Aftermath of 15 March

The events in Christchurch on March 15 brought into relief a number of issues for senior leaders and teachers in their schools and communities.

Some considerations in the aftermath of the March 15 Christchurch terror attacks

PPTA has moved to model messages on the webpage (with tips, tools tricks, requests etc) so that in similar circumstances members affected access support material and messages when they are ready for them.

Having the president on the ground as quickly as possible after the incident helps in the organisation and support of members.

The Ministry of Education did a quite impressive job in their intervention model, which was not just to Christchurch but to schools beyond that (providing EAP release, being there in numbers and a good engagement model.)

It is not helpful however, for the emergency response to tip quickly into a bureaucratic recovery model.

The MOE has announced a formal review of lockdown procedures. The survey will get to other schools in Canterbury in first instance and maybe then the rest of the country. If the result is guidance on how to set, implement and monitor your lockdowns that would be useful; or if resources and support are provided as a result but it will be less useful if it’s a list of shall and shall not.

It is hard for families and teachers affected to respond to formal process in fixed time frames without re-victimising those involved. We need to be asking ‘do you need help?’, ‘do you need someone to talk to? ‘and gathering the information schools need over time. 

Schools in Christchurch did it differently – they had a conversation as part of their debrief around the events. Ideally, the experience of those schools in lockdown might flow into other schools examining their own procedures.

Talking about staff wellbeing, internet, Health and Safety Act and the site and dealing with them coherently will give more sustainable outcomes than a top down review.

It is not satisfactory if you have lock down procedure only because you have to and these have not been developed with staff and tested with your community. Copy and paste does not work in every context. All responses have to be co-designed and well understood.

There is no checklist that guarantees the safety of teachers, students, community for every event and when stressed they unlikely to be helpful. But core precepts are guidance from MOE, with support structure and resources in order for schools to meet obligation around policy and process. Engagement and decision making at school level is best because you know the site and your community – designing bespoke solutions. Knee-jerk responses can have unintended consequences. Far better for principals to engage with staff to ensure that their processes are up to date, effective and well understood.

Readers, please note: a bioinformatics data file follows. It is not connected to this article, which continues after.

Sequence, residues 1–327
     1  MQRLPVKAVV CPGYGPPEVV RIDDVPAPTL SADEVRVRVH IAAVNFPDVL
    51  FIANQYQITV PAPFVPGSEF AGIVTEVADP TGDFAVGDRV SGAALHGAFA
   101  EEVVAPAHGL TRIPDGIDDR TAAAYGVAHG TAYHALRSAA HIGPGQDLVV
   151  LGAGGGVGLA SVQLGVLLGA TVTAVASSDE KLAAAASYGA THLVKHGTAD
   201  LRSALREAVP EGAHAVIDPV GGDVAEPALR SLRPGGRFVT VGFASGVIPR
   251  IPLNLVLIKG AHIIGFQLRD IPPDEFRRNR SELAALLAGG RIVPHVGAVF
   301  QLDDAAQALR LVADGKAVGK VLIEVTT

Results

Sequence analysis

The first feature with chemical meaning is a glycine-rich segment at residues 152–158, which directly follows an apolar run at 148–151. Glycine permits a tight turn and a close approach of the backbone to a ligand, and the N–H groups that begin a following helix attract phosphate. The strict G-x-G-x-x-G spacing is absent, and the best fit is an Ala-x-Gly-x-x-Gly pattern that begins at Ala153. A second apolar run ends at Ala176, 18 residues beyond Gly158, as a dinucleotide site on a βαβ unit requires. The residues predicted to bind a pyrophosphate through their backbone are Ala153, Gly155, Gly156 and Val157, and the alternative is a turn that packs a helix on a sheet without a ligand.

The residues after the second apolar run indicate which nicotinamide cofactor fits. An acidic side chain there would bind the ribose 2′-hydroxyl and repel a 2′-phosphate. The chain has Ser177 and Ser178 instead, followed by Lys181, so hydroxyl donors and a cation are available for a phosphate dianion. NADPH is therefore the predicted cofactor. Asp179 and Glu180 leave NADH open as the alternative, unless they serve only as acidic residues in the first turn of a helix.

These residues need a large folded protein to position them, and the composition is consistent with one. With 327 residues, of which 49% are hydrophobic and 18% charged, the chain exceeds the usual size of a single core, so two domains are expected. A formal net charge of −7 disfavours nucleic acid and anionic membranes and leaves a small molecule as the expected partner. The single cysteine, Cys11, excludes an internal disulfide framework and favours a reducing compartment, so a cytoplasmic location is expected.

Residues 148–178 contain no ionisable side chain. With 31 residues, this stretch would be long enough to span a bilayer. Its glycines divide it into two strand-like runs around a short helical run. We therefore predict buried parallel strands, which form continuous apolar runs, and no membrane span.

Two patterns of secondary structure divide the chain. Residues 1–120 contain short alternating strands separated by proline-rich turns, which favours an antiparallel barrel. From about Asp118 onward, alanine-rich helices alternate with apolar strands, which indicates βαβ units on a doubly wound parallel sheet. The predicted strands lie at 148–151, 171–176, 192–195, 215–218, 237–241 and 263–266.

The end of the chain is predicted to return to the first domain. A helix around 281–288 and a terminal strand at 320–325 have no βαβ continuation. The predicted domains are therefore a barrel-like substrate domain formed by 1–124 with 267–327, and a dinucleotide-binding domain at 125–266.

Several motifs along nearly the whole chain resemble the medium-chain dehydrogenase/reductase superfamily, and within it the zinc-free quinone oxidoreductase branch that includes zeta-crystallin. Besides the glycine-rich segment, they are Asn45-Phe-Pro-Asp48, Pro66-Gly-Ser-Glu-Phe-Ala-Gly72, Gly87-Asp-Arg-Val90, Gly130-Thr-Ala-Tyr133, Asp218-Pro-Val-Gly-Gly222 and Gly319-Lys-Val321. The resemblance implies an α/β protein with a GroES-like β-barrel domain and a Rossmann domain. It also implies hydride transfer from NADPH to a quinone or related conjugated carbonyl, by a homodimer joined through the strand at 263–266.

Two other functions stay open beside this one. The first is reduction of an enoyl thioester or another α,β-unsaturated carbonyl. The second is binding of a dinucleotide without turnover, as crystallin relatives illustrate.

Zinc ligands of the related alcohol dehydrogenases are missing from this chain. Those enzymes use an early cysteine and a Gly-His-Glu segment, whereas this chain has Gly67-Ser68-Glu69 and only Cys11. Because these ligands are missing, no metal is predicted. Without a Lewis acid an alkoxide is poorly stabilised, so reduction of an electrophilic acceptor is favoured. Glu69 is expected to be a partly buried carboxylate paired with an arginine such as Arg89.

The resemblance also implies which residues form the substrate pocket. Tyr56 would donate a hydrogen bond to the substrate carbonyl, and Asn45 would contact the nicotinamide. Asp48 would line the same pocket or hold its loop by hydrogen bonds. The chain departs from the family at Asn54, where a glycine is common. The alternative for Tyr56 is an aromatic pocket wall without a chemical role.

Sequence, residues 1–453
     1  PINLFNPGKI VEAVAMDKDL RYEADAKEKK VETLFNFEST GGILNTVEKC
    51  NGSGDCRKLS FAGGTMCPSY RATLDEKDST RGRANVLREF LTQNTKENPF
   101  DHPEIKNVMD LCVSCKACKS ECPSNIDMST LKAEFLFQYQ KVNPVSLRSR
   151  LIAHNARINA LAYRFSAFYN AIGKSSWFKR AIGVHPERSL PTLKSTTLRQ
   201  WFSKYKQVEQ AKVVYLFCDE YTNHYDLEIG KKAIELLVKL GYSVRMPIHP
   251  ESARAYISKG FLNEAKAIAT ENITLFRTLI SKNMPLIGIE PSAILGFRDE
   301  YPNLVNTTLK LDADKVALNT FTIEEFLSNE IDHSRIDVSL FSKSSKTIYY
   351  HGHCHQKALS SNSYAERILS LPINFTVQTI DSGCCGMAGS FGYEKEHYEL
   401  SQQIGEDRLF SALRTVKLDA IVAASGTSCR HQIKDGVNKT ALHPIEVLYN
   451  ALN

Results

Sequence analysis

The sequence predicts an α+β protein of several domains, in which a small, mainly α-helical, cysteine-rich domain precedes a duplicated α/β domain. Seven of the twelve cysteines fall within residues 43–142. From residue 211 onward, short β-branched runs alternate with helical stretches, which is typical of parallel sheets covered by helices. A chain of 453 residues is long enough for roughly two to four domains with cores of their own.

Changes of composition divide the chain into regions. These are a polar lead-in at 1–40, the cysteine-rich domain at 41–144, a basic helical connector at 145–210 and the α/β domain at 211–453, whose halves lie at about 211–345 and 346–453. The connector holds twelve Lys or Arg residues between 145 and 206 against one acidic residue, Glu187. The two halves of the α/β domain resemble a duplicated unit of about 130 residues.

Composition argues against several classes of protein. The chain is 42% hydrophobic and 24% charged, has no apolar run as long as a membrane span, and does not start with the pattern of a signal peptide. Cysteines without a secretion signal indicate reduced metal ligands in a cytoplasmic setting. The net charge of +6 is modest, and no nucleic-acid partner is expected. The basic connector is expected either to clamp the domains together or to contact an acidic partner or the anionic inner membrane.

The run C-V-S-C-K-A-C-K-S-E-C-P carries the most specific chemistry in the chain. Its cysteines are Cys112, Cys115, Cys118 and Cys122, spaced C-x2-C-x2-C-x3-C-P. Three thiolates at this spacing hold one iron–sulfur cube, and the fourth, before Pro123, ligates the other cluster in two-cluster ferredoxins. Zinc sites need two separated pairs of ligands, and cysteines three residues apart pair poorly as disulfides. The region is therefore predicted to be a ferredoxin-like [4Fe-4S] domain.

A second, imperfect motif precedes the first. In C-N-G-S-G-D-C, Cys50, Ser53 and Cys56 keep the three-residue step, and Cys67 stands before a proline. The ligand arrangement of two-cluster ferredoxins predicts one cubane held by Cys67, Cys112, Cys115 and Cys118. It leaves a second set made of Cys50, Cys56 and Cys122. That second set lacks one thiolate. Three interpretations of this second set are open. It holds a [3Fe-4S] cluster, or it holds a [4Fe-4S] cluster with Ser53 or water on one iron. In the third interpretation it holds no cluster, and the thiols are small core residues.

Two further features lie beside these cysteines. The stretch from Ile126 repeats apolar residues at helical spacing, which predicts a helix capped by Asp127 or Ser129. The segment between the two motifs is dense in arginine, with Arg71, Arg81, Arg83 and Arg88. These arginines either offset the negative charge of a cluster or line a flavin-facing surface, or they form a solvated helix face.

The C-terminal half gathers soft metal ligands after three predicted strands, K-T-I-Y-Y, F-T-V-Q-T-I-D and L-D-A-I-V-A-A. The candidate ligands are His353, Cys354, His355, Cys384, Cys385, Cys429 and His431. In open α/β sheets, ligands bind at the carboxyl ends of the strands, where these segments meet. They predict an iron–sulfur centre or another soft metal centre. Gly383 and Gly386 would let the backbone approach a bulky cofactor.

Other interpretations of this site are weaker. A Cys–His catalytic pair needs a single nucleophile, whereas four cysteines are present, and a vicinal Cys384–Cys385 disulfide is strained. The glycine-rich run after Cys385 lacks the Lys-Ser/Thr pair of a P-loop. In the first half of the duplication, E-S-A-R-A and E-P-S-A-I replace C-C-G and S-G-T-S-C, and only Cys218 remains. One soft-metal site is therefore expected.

Some lessons

Police advised that if teachers have a cellphone each it would facilitate communications in a lockdown – but that would require the schools to make them mandatory and this means costs to schools.

Schools generally have not considered that a lockdown might go past 3.20pm.

One school had an external review of its practices and used two separate assemblies to inform students of the findings. A 15 minute practice lockdown was successful in revealing problems:

  • After 10 minutes of quiet, lying down and lights off the SLT missed 3 classes when they were giving the all clear. 
  • They couldn’t just announce the all clear –but to email it out meant all teachers would need access to laptops. 
  • They realised that the plan to have assembly after lockdown on the field was heavily weather-reliant.
  • An email alert starts with principal – but if the principal is not there?
  • When do you release students if you don’t get the notification? 
  • If parents are notified by text and can’t collect their children then who is going to deal with inflow of texts and who ensures a channel is kept open?
  • Flexible learning spaces create particular concerns about what best practice is when students are more exposed and less able to be locked down than in traditional spaces. 
  • One school’s experience of a 2 hour lockdown was that the first hour went smoothly but then all the boys were using social media to send messages to parents and friends. The school emailed teachers asking them to stop students from texting home. Teachers need to talk to students beforehand about sensible behaviour in a lockdown. One school requires that the moment they go into lockdown teachers must collect the cellphones.
  • The problem of the wharepaku–if under direct threat then maybe you just use the corner of the room – but what if it is a mixed class?
  • What do you do when you find a student circulating hate material in your own school? There is no advice from the MoE about that but schools have an ethical and legal obligation to report this.

An alternative view from a school that has done a lot of work meeting with police and armed offenders is that scenarios are so varied no one process can cover them all and common sense has to operate; do the right thing until police get there and take over. 

Police say make sure everyone knows the process but don’t do a practice because you might be doing the wrong thing or notifying a person what the processes are – most attacks overseas are internal – offenders set off emergency alarms knowing then what paths people will be following and where to strike.


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Last modified on Friday, 20 September 2019 15:08